More information about Procedural Sedation
Procedural sedation (also known as conscious sedation or conscious anesthesia) is an area of medicine used throughout many practices and procedures in the medical and dental industry. There can understandably be some confusion among both patients and medical professionals regarding procedural or conscious sedation and anesthesia.
Procedural sedation varies in intensity from anxiolysis which is the least intense, to moderate sedation, and finally deep sedation which is the most powerful form of sedation.
As a patient, when you are consciously sedated you’ll typically receive mix of an analgesic and a sedative. The analgesic serves to prevent patient sensitivity to pain and the sedative acts as a relaxant. Naturally, because it is “conscious sedation” the patient is not under general anesthesia. Conscious sedation is a safe procedure because of the careful titration of medications and the continuous monitoring of the heart, breathing, blood pressure, and level of consciousness.
The most common potential for complications arises from receiving too much sedative in which case the patient may experience breathing problems. If you’re a patient expecting to receive some form of sedation remember that a qualified medical professional will be supervising your entire procedure to ensure that you are receiving the optimal amount of sedation. Conscious sedation is a very safe procedure and is very valuable in assisting with a large variety of medical procedures by keeping you comfortable during potentially painful procedures. Conscious sedation is especially common in many dental and medical procedures.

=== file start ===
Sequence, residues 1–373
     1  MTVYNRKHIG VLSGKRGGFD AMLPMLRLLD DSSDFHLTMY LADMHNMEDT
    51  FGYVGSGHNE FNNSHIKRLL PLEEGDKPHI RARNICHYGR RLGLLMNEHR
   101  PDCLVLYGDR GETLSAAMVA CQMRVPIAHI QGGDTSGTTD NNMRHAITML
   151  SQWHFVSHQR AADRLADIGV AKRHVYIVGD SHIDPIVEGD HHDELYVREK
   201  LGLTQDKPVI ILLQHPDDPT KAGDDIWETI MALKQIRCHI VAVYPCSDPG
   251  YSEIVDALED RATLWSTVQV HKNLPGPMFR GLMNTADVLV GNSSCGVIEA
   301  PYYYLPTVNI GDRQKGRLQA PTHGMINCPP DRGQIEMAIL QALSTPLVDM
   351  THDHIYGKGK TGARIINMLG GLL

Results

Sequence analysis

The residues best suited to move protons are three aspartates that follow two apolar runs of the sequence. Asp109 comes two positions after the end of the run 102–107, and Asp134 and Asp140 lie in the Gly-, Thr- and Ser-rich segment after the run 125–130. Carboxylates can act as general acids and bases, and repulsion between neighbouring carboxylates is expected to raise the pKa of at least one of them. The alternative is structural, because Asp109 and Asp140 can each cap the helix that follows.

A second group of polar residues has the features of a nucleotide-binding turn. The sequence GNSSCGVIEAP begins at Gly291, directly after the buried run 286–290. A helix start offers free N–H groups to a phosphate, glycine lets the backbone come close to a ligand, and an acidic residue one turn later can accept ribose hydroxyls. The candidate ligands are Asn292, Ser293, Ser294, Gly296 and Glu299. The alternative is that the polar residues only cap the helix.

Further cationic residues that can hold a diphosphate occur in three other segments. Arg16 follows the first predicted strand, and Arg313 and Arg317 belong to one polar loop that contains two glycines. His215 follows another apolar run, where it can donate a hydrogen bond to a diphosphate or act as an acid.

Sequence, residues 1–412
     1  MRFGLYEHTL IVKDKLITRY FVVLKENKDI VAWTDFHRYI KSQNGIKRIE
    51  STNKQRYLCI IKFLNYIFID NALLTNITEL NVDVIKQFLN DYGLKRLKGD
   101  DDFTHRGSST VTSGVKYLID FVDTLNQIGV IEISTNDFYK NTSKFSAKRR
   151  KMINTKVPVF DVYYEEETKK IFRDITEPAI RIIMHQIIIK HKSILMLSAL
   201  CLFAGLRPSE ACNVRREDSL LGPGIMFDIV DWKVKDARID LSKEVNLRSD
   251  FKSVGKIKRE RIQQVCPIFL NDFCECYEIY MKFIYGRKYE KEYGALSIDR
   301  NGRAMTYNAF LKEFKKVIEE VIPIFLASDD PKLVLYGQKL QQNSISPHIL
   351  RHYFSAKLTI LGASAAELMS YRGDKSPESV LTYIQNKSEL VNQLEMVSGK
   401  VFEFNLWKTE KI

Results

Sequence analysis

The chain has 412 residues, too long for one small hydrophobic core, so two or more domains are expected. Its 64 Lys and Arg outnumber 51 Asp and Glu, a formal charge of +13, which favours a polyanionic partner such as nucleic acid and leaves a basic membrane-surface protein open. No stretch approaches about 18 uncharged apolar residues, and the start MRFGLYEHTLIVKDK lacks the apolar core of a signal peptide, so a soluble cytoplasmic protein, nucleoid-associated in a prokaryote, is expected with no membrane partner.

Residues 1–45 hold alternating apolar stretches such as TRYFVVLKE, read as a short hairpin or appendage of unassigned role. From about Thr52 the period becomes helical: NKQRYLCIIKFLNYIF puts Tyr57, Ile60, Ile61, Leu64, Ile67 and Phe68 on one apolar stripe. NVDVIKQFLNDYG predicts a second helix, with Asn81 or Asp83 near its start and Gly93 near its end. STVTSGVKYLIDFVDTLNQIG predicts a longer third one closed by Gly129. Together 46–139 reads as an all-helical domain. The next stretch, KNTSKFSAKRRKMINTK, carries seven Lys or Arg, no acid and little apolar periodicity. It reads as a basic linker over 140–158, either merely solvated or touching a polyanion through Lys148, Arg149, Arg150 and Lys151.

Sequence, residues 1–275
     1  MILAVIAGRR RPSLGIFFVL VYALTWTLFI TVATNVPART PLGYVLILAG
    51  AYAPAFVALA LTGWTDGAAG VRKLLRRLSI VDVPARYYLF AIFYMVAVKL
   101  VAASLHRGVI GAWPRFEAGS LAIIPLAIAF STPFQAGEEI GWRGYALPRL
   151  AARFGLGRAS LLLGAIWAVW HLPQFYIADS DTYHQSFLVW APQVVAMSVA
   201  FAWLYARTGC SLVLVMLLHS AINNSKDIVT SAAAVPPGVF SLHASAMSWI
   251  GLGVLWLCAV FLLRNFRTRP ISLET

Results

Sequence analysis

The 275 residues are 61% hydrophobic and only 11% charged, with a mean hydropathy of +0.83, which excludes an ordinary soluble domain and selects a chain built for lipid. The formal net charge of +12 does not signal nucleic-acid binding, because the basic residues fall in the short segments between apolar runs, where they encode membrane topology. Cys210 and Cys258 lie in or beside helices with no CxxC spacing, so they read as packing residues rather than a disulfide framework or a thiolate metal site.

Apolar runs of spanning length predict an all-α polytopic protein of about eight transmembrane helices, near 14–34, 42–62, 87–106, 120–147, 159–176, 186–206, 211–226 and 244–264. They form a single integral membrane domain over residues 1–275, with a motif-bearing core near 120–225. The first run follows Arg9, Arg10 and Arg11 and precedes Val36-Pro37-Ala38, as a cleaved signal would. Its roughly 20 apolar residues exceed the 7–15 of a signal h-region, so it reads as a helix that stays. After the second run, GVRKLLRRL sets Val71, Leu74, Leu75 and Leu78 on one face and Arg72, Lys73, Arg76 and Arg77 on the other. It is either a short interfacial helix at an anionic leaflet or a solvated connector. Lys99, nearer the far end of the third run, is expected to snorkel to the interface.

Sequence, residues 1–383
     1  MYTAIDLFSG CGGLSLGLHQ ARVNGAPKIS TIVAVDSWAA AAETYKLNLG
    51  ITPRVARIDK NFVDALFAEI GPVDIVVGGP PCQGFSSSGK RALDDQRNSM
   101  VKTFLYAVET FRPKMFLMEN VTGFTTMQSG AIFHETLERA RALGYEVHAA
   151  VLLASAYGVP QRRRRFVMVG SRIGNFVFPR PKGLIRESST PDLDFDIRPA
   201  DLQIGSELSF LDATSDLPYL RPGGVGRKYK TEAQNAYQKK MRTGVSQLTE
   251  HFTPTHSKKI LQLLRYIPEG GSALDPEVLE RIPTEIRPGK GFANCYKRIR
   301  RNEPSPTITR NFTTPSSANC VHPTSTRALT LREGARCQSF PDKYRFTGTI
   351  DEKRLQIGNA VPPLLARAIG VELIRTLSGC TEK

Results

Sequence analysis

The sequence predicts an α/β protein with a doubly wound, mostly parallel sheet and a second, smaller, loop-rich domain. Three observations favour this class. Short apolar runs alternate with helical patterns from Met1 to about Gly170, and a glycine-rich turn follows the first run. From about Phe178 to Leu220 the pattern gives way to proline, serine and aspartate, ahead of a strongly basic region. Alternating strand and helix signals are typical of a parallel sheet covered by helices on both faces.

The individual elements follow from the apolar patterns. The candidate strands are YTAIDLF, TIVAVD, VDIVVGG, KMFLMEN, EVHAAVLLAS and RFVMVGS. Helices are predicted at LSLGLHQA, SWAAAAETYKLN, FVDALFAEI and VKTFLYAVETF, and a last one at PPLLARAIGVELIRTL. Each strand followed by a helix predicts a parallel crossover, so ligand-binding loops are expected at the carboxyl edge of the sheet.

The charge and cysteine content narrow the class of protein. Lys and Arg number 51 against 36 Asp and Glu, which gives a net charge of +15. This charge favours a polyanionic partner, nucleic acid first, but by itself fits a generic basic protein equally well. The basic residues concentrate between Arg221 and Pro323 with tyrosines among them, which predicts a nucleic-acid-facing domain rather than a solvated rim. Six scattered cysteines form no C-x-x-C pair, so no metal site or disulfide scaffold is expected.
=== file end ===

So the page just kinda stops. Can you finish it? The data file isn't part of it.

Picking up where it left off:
Anxiolysis is the lowest state of procedural sedation. This is a state where people are calm, relaxed and drowsy but still able t orespond to questions and verbal commands. This is a common state of sedation used for claustrophobic patients who require an MRI.
Moderate sedation is a higher level of procedural sedation. With moderate sedation the patient is more drowsy and often does not respond to verbal prompts, but does respond purposefully to touch. Generally, moderate sedation has no risk of breathing problems.
Deep sedation is the most intense form of sedation in which the patient is completely unconscious. Deep sedation can be safely administered by emergency physicians and hospital physicians after appropriate training. There is a risk of respiratory impairment during deep sedation which is why we always require continuous monitoring of the heart, breathing, and blood presssure. Physicians who perform deep sedation must be skilled in advanced airway management.
Our CME course will train clinicians in the various options to achieve anxiolysis, moderate sedation or deep sedation in a safe manner.
Ask the Experts
Whether you’re a patient scheduled to receive procedural sedation who is interested in learning more, or you’re a medical student or a working medical professional interested in discussing procedural sedation, we invite you to contact an HPC physician directly by visiting www.Facebook.com/HospitalProcedures
We welcome questions or comments and we look forward to hearing from you.